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Small Business Decision Analysis

Small Business Decision Analysis

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Published by Robert Brown

Dr. Bush and I describe our experience applying the principles of decision analysis to small business, which typically do not have access to as many informed resources as larger organizations where decision analysis is more routinely applied. Published in "Decision Analysis Today," newsletter of the INFORMS Decision Analysis Society, Volume 29, No. 1, April 2010, pg. 16.

Dr. Bush and I describe our experience applying the principles of decision analysis to small business, which typically do not have access to as many informed resources as larger organizations where decision analysis is more routinely applied. Published in "Decision Analysis Today," newsletter of the INFORMS Decision Analysis Society, Volume 29, No. 1, April 2010, pg. 16.

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Published by: Robert Brown on Feb 21, 2013
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Small   Business   Decision   Analysis:   A   View   from   the   Trenches1  

Robert   D.   Brown   III   (Incite!   Decision   Technologies)   and   Gerald   A.   Bush   (Independent  Director)    

A  Not-­‐so-­‐hypothetical  Scenario  
On   a   rainy   winter   afternoon,   the   board   members   of   Columbia   Jewelry   excitedly   discussed  the  results  they  were  hearing  about  their  business.    Even  in  a  poor  economy,  they   were  pleased  with  their  business’s  performance  during  2009.    Due  to  quick  action  to  control   expenses   and   a   decision   taken   earlier   in   the   year   to   delay   store   expansion   plans,   profits   grew  by  6%  compared  to  a  40%+  decline  in  the  rest  of  the  retail  sector.     As  the  board  members  talked  about  the  next  year,  they  put  forth  ideas  to  take  advantage   of   their   strong   position   in   a   weak   industry.     Also,   they   discussed   the   eventual   transition   out   of   the   business   by   the   founders   in   a   few   years   time.       As   ideas   swirled   around,   the   group   provided   well-­‐worn   concerns   about   things   they   could   not   control   that   might   put   the   business   at   risk.     After   all,   the   current   systems   and   personnel   were   taxed   to   the   limit   just   managing  the  existing  stores.    How  could  they  ramp  things  up  to  grow  significantly  in  2010?      

Using  DA  methods?    Too  complicated!  
The  literature  shows  that  decision  analysis  (DA)  can  provide  a  consistent  way  to  create   insights   into   practically   any   decision   facing   uncertainty,   whether   taken   by   a   large   multinational   corporation,   a   small   private   businesses   or   an   individual.     However,   the   practice   of   decision   analysis   has   historically   fallen   to   the   upper   end   of   the   corporate   spectrum.    But,  are  the  risks  faced  by  the  bigger  entities  really  any  larger  relative  to  the  size   of   the   enterprise?     Is   a   small   business   decision   any   less   important   or   momentous   to   its   owners?    If  not,  why  then  have  we  not  seen  the  wide  application  of  decision  analysis  in  the   small  business  arena?   One  explanation  might  be  that  there  is  a  tendency  to  rely  on  the  Founder’s  vision  for  key   decisions.    In  a  small  business  environment,  some  intuitive  leaders  can  work  wonders  with   a  speedy  uncomplicated  process.    They  tend,  then,  to  avoid  any  process  they  perceive  that   might   impede   that   rapid,   intuitive   responsiveness.     Nevertheless,   when   leaders   do   find   themselves   in   want   of   additional   guidance,   they   frequently   feel   as   if   they   cannot   afford   sophisticated   support   resources   (often   hired   from   name   brand   consulting   groups)   or   the   time   commitment   that   they   suppose   is   required.     Consequently,   if   an   intuitive   decision   does   not  work  out  down  the  road,  leaders  often  respond  that  the  failure  probably  occurred  due   to  external  factors  outside  their  control.    The  self-­‐justifying  pattern  then  repeats.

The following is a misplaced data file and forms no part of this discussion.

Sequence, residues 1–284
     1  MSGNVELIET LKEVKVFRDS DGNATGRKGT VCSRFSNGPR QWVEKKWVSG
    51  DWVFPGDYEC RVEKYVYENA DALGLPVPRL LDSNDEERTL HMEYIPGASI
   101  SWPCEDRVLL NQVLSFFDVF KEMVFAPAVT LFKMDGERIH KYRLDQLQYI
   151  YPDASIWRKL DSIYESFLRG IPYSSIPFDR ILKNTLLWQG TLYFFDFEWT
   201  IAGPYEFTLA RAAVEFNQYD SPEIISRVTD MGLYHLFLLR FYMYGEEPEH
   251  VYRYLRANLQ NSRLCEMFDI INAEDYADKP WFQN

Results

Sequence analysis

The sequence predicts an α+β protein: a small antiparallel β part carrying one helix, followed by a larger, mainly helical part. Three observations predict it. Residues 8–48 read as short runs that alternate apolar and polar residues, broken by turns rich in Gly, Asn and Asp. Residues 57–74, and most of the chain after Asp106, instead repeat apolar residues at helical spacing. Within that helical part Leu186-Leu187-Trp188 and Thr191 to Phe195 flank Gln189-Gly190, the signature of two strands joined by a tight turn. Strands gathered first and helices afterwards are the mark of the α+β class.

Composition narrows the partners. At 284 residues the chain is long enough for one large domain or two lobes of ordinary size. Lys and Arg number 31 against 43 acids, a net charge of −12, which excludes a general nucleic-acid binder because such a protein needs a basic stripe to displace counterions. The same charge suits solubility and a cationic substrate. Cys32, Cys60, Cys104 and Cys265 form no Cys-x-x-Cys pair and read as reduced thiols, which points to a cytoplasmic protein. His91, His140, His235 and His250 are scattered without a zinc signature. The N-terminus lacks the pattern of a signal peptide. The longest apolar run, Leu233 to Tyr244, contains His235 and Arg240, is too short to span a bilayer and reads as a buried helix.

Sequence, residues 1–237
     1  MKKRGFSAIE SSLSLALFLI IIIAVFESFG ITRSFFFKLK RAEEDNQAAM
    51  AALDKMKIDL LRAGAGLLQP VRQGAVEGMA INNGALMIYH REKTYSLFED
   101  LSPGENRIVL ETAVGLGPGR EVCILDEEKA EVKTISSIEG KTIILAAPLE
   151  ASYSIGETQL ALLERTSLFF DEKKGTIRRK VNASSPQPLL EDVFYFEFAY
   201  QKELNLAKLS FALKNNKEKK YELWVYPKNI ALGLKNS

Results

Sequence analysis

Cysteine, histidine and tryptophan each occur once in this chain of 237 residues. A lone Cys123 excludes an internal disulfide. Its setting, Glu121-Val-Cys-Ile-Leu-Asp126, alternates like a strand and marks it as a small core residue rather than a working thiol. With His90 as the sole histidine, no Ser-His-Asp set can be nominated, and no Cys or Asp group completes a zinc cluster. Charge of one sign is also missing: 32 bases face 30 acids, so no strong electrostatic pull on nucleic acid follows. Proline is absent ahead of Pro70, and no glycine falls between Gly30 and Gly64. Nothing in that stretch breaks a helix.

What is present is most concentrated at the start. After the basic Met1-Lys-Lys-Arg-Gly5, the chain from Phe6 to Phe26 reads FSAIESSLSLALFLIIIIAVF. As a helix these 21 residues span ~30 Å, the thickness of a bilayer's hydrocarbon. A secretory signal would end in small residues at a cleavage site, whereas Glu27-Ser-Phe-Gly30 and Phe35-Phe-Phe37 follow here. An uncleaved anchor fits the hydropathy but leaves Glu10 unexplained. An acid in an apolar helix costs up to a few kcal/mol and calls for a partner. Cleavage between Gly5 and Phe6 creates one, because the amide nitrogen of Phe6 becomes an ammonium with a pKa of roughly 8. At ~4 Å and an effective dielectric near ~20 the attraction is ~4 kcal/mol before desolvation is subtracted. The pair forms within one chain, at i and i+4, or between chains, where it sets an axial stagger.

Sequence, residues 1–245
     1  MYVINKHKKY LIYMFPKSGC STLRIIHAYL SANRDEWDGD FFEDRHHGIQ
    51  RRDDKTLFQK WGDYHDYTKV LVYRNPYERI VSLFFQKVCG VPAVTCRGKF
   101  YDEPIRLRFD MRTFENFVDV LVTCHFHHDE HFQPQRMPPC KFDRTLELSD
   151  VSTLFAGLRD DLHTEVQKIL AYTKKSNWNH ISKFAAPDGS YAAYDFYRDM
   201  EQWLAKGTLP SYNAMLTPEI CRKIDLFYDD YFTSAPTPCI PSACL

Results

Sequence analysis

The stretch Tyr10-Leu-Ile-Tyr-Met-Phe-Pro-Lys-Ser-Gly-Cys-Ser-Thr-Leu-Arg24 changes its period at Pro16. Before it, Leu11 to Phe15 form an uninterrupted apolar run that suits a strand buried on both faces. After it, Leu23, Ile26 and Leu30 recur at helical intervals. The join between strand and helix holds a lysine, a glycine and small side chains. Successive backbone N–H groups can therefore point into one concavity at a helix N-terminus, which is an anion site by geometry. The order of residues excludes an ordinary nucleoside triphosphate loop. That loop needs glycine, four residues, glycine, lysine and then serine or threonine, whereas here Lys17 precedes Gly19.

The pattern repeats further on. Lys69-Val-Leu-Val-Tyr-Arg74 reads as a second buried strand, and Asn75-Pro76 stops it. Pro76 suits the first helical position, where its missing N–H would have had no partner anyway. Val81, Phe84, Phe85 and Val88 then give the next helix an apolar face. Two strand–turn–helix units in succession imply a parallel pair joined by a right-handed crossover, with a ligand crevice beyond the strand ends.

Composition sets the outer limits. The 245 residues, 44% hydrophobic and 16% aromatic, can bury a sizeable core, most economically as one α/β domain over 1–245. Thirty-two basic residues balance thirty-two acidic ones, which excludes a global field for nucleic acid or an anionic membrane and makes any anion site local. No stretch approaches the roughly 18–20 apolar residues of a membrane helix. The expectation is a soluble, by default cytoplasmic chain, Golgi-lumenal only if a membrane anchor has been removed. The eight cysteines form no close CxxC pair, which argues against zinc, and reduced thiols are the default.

Using  DA  methods?    It  works!  
We   recently   enjoyed   the   opportunity   to   go   “down   stream”   in   order   to   provide   DA   support   to   a   handful   of   smaller   businesses.     There   we   found   that   small   organizations   benefitted   immensely   from   the   process.     Their   leadership   demonstrated   the   capability   to  

1   Originally   published   at   “Decision   Analysis   Today”:   The   Newsletter   of   the   INFORMS   Decision   Analysis   Society,   April   2010,   Volume  29,  No.  1,  pg.  16.  

participate   in   the   process   as   well   as   any   big   company   executive.     In   most   cases,   we   found   that   the   smaller   risk   tolerance   made   these   leaders   even   more   focused   on   making   good   decisions.     They   knew   they   had   fewer   opportunities   to   get   things   right   and   were   working   with  a  tighter  margin  for  error  on  cash  flow.     With   Columbia   Jewelry,   the   DA   facilitator   interviewed   the   owners   and   principals   and   then   presented   what   he   heard   in   a   framework   that   any   DA   practitioner   would   recognize.     The   ability   to   provide   structure   from   so   many   different   ideas,   and   to   compare   multiple   alternatives   side-­‐by-­‐side   was   quite   an   eye-­‐opener   for   the   group.     External   subject   matter   experts  were  used  where  information  was  not  available  in-­‐house.    The  idea  that  a  range  of   uncertainty   was   more   insightful   than   assumptions   and   forecasts   overcame   years   of   non-­‐ productive   arguments.     Illustrating   non-­‐financial   objectives   in   a   hierarchy   and   quantifying   the  tradeoff  of  social  responsibility  and  economic  value,  two  key  objectives  of  the  company   founder,   surprised   the   decision   team.     It   helped   them   select   a   strategy   that   balanced   both   objectives   and   created   an   energy   that   the   business   had   not   seen   in   a   while.     The   founder   agreed   that   she   wanted   to   make   the   investments   and   stick   around   to   help  implement   them.     She   felt   much   more   comfortable   that   her   baby   would   be   in   good   hands   producing   the   success  she  desired.     We   also   were   encouraged   that   the   leadership   team   expressed   agreement   that   the   investment   they   made   in   hiring   a   DA   facilitator   was   worth   it.     The   process   had   not   taken   much   of   their   time,   but   the   work   provided   compelling   graphical   insights   they   needed   to   chart  their  path  forward  as  a  growing  business.    What  made  the  engagement  profitable  for   the   consultants   was   keeping   things   at   a   high   level   for   insights   and   agreement,   without   taking  forever  to  go  through  each  step  or  getting  bogged  down  in  the  details.